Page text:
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Our motto: "Critical thinking in the cheap seats." Unbiased, honest classical music and opera opinions, occasional obituaries and classical news reporting, since 2007. All written content © 2019 by Paul J. Pelkonen. For more about Superconductor, visit this link. For advertising rates, click this link. Follow us on Facebook.

Thursday, December 3, 2015

They're Back From the Dead

And they're ready for Tosca: The New York City Opera Renaissance.
by Paul J. Pelkonen
Original art from Iron Maiden's No Prayer for the Dying.
Painting by Derek Riggs © 1990 Iron Maiden/CBS Records.
The above headline suits the giddy anticipation that some opera lovers in New York have regarding the resurrection of the New York City Opera, the long-running company that bit the dust in 2013. In stories reported yesterday in The New York Times and the Wall Street Journal, it was announced this week that the New York City Opera Renaissance will move forward with its plans to bring the historic company out of bankruptcy and get back to the business of putting operas on the stage.

First on the new company's agenda is a production of Tosca, to be staged in the small but comfortable Rose Theater, an extension of Lincoln Center located on Columbus Circle. The grand drama of this opera will be mounted in a mid-sized theater, far more acoustically friendly than the company's old digs at the former New York State Theater.

The production is announced as being scheduled for January 20-24, and is advertised as the "New York premiere of the original 1900 production of Tosca" using sets and costume designs based on those by Adolf Hohenstein's legendary Rome production of the opera. (The Hohenstein-inspired show replaced an elaborate plan to mount Franco Zeffirelli's popular but over-the-top version of the show that used to tread the boards at the Metropolitan Opera.)

The New York City Opera Orchestra is scheduled to play under the baton of Pacien Mazzagatti. Singers are yet to be announced, although a November article in the New York Times mentioned tenor James Valenti and baritone Carlo Guelfi as potential cast members. As of this writing there is no word on any negotiations between Mr. Capasso and the American Guild of Musical Artists who represent choristers and orchestra members working in theaters in New York.

NYC Opera Renaissance is a conflation of two troubled companies: the moribund City Opera and the (also shuttered) DiCapo Opera, which was resident for many years in a church basement on the Upper East Side. (Dicapo was quietly folded a few years ago, and, according to the Times, still owes money to its artists.) Spearheading the new City Opera is Michael Capasso, the former artistic director of Dicapo, now in place as General Director of the resurrected firm. Leading the financial side is chairman of the board Roy Niederhoffer, a former member of the old City Opera board and Board President Jeffery Laikand, the former Chairman of the old NYCO Executive Committee.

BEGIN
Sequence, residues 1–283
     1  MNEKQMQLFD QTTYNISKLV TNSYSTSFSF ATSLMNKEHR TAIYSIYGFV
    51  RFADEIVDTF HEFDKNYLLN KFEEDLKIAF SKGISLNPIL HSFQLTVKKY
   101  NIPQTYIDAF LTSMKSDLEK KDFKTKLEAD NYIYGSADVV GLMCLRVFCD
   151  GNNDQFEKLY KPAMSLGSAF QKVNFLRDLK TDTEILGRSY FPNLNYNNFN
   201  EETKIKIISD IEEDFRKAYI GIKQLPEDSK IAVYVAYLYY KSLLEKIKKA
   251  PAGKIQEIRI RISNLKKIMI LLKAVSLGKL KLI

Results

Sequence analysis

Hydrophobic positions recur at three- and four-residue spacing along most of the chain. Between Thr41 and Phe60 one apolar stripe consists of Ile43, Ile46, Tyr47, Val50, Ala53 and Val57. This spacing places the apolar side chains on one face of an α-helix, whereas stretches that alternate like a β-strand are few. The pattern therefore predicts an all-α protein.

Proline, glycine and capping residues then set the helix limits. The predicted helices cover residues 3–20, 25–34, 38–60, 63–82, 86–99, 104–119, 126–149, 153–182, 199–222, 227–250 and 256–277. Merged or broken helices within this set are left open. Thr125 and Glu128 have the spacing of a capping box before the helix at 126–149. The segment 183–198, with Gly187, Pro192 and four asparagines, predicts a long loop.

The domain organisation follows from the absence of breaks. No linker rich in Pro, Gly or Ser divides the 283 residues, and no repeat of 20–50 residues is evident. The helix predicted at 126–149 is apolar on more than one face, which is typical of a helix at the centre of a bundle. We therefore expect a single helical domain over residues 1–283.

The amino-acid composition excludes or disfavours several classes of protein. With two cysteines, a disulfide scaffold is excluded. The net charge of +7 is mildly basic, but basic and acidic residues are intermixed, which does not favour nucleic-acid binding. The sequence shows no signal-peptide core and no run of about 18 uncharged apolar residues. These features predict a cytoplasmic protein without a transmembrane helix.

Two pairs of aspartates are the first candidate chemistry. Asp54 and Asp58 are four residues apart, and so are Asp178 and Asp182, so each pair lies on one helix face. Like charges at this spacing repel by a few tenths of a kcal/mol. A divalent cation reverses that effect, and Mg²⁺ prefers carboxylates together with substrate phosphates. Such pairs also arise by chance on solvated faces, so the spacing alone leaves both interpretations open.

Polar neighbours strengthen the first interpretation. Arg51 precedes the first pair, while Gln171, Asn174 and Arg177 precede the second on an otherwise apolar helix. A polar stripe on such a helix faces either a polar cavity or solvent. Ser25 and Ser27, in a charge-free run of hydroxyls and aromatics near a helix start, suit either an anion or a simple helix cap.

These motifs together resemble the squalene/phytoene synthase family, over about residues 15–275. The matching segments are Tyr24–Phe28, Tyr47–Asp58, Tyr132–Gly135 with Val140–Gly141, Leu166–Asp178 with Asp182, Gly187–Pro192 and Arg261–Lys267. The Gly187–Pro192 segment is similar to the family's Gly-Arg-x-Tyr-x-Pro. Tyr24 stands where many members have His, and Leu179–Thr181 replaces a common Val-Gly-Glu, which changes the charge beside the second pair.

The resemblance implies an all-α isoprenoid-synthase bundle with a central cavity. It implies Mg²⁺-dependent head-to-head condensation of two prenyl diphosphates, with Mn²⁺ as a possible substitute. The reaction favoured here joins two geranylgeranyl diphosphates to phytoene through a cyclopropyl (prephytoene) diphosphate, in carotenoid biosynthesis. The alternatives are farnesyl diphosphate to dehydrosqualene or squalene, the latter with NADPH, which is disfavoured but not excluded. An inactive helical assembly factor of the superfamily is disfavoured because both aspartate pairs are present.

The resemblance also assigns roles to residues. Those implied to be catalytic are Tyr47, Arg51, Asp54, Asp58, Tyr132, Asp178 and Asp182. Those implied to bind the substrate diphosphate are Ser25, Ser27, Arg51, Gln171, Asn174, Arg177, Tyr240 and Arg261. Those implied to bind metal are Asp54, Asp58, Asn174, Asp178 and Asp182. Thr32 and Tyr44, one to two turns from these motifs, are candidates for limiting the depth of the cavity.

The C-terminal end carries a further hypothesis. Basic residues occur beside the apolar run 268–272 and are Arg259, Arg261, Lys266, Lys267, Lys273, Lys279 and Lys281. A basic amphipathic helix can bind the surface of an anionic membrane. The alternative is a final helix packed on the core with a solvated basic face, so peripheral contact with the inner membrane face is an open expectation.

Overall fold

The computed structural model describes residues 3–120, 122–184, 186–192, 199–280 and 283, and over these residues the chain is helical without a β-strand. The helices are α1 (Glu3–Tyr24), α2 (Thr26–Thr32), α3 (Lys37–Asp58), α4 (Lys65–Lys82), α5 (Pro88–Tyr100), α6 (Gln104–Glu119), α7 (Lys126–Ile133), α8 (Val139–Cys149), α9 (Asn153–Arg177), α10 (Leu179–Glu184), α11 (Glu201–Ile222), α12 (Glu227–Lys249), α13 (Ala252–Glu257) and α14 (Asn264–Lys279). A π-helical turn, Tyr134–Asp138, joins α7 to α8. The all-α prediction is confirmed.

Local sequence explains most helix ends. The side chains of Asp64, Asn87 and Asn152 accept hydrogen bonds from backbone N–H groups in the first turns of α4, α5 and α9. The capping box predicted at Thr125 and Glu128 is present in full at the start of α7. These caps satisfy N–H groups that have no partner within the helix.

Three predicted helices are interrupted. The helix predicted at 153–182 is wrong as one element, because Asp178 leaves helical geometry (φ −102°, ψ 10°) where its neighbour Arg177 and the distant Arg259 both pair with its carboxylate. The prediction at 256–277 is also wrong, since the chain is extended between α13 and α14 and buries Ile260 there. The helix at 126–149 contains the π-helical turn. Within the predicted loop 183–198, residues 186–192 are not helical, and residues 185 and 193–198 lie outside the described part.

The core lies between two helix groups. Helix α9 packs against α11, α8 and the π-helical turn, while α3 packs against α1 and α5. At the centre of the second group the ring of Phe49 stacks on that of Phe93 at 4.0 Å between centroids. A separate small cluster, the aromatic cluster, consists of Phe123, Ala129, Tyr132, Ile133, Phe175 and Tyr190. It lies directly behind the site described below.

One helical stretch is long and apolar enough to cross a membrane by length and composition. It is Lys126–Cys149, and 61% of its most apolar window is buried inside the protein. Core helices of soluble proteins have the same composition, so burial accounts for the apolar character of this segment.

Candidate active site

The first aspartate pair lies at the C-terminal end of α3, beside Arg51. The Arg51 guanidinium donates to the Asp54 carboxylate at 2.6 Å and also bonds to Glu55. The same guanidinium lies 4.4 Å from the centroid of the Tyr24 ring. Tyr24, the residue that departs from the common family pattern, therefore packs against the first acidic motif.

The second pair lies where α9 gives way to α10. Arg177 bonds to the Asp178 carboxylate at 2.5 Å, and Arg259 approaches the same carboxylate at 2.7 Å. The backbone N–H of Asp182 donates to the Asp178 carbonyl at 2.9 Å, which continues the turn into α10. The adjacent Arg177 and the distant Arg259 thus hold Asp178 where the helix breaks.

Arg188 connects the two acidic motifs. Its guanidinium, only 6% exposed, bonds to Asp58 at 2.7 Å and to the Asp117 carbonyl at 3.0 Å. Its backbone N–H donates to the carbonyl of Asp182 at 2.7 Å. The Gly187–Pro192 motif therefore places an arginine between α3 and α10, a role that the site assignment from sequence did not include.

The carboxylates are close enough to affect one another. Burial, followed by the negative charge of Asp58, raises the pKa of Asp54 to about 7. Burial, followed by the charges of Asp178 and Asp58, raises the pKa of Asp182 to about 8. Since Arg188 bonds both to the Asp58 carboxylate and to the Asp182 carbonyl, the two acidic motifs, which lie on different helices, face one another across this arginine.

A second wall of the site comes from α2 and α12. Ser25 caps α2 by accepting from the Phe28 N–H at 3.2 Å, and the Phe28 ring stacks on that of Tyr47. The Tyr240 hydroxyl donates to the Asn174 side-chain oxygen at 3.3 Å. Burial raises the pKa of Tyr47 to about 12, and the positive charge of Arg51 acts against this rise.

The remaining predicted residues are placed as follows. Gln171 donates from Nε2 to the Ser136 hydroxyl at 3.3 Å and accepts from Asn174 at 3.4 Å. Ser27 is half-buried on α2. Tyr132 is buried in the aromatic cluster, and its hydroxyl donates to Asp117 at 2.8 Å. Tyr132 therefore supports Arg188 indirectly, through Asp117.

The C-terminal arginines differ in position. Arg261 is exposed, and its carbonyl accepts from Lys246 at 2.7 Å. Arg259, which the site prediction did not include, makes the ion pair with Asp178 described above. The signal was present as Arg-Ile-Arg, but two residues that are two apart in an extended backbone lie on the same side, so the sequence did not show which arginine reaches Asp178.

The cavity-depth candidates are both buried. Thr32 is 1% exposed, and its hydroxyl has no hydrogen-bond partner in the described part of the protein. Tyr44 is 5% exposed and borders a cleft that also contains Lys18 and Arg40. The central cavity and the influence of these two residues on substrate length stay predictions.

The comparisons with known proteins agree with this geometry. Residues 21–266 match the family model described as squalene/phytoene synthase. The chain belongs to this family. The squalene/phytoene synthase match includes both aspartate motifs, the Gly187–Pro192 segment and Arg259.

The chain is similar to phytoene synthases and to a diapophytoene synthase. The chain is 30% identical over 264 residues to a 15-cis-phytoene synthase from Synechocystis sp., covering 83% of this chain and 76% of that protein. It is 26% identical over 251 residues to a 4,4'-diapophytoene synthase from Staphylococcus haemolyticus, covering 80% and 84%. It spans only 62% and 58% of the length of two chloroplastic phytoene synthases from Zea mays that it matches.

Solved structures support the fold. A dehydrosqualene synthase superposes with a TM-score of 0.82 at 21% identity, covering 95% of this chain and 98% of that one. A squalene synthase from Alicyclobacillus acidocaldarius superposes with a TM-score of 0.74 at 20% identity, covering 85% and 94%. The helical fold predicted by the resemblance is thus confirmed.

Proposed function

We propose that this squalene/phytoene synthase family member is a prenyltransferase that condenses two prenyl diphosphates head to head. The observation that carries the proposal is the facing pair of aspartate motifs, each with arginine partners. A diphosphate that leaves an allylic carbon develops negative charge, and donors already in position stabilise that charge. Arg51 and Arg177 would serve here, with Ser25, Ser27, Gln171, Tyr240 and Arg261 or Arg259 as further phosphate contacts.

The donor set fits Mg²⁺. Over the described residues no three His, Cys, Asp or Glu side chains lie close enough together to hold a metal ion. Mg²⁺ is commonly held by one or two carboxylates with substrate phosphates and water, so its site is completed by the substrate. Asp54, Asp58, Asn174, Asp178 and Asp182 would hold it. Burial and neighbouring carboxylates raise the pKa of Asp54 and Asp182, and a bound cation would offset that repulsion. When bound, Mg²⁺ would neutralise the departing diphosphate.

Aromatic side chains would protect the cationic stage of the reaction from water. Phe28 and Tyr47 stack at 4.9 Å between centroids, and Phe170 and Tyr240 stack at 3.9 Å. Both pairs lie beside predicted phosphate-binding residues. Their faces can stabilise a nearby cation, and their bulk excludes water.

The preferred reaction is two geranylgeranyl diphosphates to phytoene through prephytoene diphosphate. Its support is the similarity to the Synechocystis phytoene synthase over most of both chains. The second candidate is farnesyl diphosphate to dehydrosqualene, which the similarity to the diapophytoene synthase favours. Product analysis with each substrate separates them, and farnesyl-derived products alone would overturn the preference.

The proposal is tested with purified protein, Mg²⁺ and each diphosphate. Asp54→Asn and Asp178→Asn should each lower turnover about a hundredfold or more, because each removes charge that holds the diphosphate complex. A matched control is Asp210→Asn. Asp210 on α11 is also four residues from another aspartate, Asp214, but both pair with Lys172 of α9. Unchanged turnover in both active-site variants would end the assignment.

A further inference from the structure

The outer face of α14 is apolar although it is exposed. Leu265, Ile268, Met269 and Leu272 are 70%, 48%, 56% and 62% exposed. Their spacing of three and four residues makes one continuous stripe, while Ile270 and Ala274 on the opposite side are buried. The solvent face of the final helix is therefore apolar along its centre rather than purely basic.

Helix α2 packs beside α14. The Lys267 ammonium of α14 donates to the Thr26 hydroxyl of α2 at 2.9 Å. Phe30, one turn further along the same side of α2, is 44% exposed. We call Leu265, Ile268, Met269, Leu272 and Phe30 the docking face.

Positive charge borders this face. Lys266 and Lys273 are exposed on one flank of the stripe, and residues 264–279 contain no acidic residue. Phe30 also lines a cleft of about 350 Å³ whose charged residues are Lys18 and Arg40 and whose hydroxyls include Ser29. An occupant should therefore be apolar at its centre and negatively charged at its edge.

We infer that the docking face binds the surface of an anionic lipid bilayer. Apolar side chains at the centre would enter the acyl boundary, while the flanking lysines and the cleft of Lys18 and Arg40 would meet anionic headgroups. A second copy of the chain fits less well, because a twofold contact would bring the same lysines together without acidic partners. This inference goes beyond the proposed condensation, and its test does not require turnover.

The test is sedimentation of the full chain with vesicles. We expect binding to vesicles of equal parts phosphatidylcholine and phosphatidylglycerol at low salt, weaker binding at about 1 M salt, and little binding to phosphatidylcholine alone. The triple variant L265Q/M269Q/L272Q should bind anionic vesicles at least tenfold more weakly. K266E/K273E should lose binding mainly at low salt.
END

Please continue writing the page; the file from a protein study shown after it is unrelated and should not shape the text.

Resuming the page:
Until yesterday, the opposition to a season or even a production of opera under the City Opera banner came in the form of Gene Kaufman, a local architect who had his own bid to resurrect City Opera at its old home of City Center. According to the Times, Mr. Kaufman's version of City Opera would have staged opera under the direction of Robert Lyall, the general and artistic director of New Orleans Opera. In a peacemaking gesture, Mr. Kaufman and his group New Vision For NYC Opera agreed to a buy-out of $300,000. The company is now free to move forward out of Chapter 11 bankruptcy.

The new opera company has said that plans a 2016-2017 season with 36 performances, divided between the Rose Theater and the 200-seat Theater at St. Jean's: the former home of Dicapo. Four large-scale operas are planned for the Rose stage, and two chamber operas will be staged at the St. Jean. The schedule has yet to be announced, but for now there's Tosca, the show that opened the original City Opera back in 1944.

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Critical Thinking in the Cheap Seats